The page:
Some cities have eliminated recycling altogether. One example is Ocean City, MD. The Town found that trucking its waste to a nearby waste-to-energy plant in Fairfax, VA saved it $500,000 per year over operating a recycling program. The facility produces enough energy from WTE technology to power 75,000 homes. It also collects and recycles metals.
Part of the reason waste incineration has really made a comeback across the country is cost. However, an even bigger reason is that cities don’t really have any other options! Recycling is expensive and stagnant, and landfills are bursting at the seams. Plants in Florida and Maryland are in the works. This is a trend that is likely to continue.
Waste-to-Energy plants aren’t cheap either!
A new plant in West Palm Beach, FL cost the City more than half a billion dollars, while a large-scale plant in Baltimore (above) – soon to be the biggest in the country – tips the scale at a total estimated cost of $1 billion.
Smaller cities obviously can’t afford such an investment; in fact, many large cities can’t either. Case in point, Detroit has one of the biggest waste-to-energy facilities in the country. The exorbitant cost of building and running the facility is part of the reason for Detroit’s recent financial troubles.
A proposed $180 million Cleveland facility was shot down in 2013 because the City was unable and/or unwilling to fork over the upfront costs. It’s just too risky for many cities.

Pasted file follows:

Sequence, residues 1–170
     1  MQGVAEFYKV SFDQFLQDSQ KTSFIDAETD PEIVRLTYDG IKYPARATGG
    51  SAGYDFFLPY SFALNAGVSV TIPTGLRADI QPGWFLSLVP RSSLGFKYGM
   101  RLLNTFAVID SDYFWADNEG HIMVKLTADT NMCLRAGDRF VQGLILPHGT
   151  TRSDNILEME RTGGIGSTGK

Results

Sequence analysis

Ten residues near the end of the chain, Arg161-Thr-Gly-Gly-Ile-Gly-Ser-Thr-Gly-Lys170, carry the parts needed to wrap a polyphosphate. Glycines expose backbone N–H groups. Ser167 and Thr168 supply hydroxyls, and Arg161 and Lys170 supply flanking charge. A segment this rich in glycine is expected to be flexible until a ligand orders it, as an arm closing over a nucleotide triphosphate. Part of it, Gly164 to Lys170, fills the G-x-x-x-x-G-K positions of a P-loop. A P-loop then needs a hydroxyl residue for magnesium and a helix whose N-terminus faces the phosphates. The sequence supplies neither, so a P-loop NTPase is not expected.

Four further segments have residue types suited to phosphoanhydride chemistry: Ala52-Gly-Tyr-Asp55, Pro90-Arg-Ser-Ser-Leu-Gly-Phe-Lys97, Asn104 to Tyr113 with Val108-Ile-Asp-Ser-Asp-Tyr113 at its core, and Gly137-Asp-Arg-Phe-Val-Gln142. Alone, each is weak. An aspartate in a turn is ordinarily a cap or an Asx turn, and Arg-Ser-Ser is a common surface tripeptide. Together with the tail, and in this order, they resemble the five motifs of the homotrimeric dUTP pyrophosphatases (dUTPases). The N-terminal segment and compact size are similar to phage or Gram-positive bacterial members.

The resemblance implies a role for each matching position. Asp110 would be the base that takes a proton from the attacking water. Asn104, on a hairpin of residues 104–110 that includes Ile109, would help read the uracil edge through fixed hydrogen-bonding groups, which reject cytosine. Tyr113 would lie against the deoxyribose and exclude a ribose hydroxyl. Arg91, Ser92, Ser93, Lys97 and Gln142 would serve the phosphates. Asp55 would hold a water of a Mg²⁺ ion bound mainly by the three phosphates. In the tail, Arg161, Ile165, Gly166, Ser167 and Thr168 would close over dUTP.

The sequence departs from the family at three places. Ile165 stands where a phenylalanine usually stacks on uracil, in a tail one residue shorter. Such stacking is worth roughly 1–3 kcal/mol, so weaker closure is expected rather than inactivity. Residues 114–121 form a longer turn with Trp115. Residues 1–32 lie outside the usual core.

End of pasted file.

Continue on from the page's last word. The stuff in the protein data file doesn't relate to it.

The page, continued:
It takes a 20+ years for a garbage incineration plant to become profitable, if ever. There are plenty instances of waste-to-energy facilities becoming financially successful. A WTE plant in Pinellas County, FL is a great example. This facility generates $80 million per year, much of which has been allocated to fund capital improvement projects in the community.
Even though the upfront cost of building a garbage combustion facility is steep, it seems that for many cities it’s a more cost-effective option compared to maintaining a comprehensive recycling program.
Is it recycle OR incineration? Or, can the two coexist?
The two can, and do, coexist today. Modern incineration plants often remove certain recyclables, mainly metals, before incineration. This is far from a comprehensive recycling solution, though. Valuable recyclables are still burned during the incineration process, including paper, glass and plastics.
A solution may be to ramp up recycling efforts at these incineration facilities, but then the issue of cost once again becomes a problem. And the question of pollution is still an issue.
Whatever the answer, many communities are opting to cut ties with its recycling program and return to the age-old practice of waste incineration; albeit with a few modern pollution-controlling twists. Barring a major shift in public perception about this transition – on a similar scale to that of the “recycling boom” of the 1990s – don’t expect this trend slow down anytime soon.